Thanks everyone! I really do appreciate you all taking the time to respond. Here's some more details:
If I give exuberant verbal praise while he is in heel position he will break it. While heeling I'll give a more subdued "good boy", "yes!" or give his ear a scratch or even slip him a bit of freeze dried tripe (He is not so stressed during heel work that he refuses to take his bait). I do carry a tug toy with me and after Several times in a session, After I release him from heel. I tell him what an amazing good boy he is. Crazy-he-just-brought-me-$100-bill praise and then a quick game of tug. I often let him carry his tug for a few minutes after the game when he is back into heel.He likes chomping on it a bit.
What do I need to do to give a more appropriate amount of praise while he is in heel? I had a similar issue with long down stays. Praise would cause him to break. I offered subdued verbal praise while in position, verbal corrections if he began to break, then crazy party type praise and tug after the release.
The way I taught heel was this: I waited for several months after he had learned the rules of loose leash walking. Well after the point where the slightest amount of tension on the lead would have him racing back to me. I actually had to wait until he was tall enough as I prefer to use a traffic tab when training heel and didn't want to be bending over too much. Put him in a sit next to me, and held the traffic tab slightly behind me so that moving out of the heel position I wanted would cause tension on the leash. I gave the command, did the ol' left foot step off. If tension was on the lead and he didn't immediately correct himself he got an "ah ah", as the previous work on LLW he had already learned to heed to leash tension. We would go only a few feet at first. My goal was to try to release him before he would need a correction,keeping it as positive as possible. Each release in the beginning was rewarded with tug. We gradually built up distance of the last 6 months and have graduated from traffic tab, to his regular leash and collar, to off leash completely. I alternate his rewards now, sometimes he is rewarded by LLW and verbal praise, other times it's verbal praise and a game of tug, every so often it's a bit of a snack.
That's kinda always how I've taught heel. I'm not a fan of the methods of the other trainers I have used. One wanted me to randomly drop food on the ground, I didn't think that was the best idea seeing as how I didn't want him looking at the ground. *shrug* I find using a food lure for regular heel a bit awkward, the bending while walking hurts my back. Focused heel is much easier on me in that regards since when he is looking up his nose is at a more comfortable level for me. If I need to start over from scratch on this I will, and I'll make it work even if it means being in pain or having someone else actually teaching it.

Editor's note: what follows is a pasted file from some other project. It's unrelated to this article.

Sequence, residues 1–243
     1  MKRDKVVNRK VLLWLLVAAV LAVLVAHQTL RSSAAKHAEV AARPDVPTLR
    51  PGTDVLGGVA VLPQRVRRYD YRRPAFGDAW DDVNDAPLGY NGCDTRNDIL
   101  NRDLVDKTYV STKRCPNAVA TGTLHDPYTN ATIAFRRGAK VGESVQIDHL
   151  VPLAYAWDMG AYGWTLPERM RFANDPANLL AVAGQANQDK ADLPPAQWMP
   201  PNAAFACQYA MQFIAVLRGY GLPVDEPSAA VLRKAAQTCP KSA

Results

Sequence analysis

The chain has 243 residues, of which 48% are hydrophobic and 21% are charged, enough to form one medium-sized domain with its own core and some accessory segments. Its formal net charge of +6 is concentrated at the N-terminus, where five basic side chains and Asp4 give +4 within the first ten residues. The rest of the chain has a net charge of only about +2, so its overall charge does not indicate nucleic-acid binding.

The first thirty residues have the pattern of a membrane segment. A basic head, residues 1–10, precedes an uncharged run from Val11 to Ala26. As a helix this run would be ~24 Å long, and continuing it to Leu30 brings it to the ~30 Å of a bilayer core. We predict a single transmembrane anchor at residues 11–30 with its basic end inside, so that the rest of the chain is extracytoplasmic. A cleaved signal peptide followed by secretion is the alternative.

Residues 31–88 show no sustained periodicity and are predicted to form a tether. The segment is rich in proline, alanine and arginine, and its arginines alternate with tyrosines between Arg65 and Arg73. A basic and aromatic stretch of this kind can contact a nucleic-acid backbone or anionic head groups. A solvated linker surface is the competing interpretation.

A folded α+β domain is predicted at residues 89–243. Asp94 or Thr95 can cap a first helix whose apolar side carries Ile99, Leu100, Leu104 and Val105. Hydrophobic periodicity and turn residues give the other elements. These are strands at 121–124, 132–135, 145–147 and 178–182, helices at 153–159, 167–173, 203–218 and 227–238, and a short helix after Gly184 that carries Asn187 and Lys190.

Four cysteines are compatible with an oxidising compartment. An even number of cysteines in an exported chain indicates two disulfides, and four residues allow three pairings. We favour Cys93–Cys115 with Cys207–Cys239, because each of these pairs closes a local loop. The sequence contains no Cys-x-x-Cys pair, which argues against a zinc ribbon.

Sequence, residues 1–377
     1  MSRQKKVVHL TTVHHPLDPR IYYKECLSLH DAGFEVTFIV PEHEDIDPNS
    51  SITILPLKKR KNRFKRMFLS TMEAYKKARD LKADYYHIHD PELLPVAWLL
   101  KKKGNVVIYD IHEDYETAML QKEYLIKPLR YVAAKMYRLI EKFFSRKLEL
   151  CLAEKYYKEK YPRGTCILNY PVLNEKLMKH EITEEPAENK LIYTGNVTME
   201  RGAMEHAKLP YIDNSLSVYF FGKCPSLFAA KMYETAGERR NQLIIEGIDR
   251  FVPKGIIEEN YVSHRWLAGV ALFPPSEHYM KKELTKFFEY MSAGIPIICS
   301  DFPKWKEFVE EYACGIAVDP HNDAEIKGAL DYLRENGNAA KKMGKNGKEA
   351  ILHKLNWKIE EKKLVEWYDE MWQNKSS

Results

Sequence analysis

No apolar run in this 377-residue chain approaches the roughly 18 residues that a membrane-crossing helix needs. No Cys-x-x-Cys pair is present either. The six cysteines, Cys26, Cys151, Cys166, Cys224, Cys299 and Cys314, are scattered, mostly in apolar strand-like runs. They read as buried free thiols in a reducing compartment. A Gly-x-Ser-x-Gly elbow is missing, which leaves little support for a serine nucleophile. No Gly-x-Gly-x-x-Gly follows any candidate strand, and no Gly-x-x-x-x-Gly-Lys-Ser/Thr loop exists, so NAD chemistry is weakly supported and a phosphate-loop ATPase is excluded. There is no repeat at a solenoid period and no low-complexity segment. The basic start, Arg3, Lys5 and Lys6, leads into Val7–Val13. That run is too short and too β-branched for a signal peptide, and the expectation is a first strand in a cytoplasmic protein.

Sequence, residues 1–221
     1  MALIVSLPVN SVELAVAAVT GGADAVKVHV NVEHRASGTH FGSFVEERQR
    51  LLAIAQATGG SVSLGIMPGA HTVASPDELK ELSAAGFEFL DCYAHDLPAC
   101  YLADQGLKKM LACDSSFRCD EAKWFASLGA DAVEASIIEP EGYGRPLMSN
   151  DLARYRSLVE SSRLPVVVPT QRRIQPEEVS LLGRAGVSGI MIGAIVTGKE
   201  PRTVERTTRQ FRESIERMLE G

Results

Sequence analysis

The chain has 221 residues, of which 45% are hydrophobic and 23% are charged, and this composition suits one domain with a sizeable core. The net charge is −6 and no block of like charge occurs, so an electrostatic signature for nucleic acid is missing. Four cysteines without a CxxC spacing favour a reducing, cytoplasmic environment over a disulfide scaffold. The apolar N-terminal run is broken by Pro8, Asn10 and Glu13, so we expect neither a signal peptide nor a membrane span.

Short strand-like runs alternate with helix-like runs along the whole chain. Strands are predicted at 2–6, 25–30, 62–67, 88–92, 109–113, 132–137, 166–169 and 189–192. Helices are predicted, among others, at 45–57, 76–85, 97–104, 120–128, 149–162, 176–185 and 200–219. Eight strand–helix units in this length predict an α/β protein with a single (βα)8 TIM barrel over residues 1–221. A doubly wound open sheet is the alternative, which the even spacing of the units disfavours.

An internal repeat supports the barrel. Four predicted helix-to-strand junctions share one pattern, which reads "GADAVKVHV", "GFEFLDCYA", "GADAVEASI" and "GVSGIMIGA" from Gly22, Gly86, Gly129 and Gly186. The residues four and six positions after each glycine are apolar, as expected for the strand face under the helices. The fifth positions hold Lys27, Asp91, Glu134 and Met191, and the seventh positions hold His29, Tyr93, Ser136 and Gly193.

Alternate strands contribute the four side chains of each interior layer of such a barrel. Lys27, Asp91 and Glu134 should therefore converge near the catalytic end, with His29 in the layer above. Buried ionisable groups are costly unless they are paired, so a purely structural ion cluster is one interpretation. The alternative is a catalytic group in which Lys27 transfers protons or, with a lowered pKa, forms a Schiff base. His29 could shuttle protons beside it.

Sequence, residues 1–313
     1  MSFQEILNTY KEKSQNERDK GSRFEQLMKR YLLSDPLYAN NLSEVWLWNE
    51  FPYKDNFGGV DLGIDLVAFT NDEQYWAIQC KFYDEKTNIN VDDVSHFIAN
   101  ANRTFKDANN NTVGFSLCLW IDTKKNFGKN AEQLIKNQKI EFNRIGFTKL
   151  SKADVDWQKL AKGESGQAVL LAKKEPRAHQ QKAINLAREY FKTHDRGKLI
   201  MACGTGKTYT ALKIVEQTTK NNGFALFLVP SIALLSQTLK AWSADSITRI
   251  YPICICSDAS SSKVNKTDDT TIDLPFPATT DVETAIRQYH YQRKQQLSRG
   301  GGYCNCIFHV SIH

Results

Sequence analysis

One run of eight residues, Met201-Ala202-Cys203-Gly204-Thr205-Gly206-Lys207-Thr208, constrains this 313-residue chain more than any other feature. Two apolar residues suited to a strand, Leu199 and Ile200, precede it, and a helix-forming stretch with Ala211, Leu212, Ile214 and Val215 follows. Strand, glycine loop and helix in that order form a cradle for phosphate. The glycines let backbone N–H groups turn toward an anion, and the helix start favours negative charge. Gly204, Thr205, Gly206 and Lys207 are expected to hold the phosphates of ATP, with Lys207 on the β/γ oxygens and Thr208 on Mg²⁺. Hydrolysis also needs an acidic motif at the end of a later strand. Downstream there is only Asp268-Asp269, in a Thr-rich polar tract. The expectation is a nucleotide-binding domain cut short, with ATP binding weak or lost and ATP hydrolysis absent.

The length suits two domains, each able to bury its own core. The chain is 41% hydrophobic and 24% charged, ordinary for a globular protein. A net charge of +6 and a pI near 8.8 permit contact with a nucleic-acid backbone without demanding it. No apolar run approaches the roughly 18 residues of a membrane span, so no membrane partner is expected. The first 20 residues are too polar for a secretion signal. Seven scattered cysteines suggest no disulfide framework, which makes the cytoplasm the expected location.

Clearly something is not working though
He does have to collect himself quite a bit to walk at my pace. I'm a fat old cow with hip bursitis, so I am slooow. He has such an exaggerated high step in heel. Brainstorming a bit here, years ago I had a dressage horse that took several seasons to build up the proper muscle tone to be able to collect comfortably. Maybe it is taxing on him physically instead of mentally? I'll have my boyfriend jog him in heel sometime over the next few days so I can see if there is a difference.
Oh! He also does have a breaking point with heel. If I push him too far he will jump up and grab his leash. This of course has gotten much much better over the past 6 months, he only does it now if for some reason I am not paying attention to him and miss the signs that he has had too much. he'll start flicking his ears a bit and be looking at me a lot more when he get close to his limit. I do my best to release him from heel well before that happens. I'm guessing now that, that is his way to let out all his pent up stress? He hit a bit of a jerk stage at 10 months, where he began testing and trying to figure out if he REALLY had to do what I told him to. Teenagers. We went few a few weeks of a lot of verbal corrections it seemed. At first I thought I lost him there, but thinking back on it he was probably stressed out from heeling long before then? God. I feel like such a tool if I've put him through this for that long.
It's frustrating. He knows the command. I've been thinking on this all evening. Just a few minutes ago, I stood in the middle of the living room, called him, told him to heel. He went into position and walked down the hall at my side. He had his ears back even in the house, but no tightness in the corner of his mouth or the extra eye animation that was concerning me earlier. I released him and he ran back to the living room grabbed a toy and came back to me ready to play.
I guess the plan of action now is going to be observation to see when he is stressed out in heel work. If it's only at certain places or paces or if it is an all the time thing and go from there?
thanks again for all the help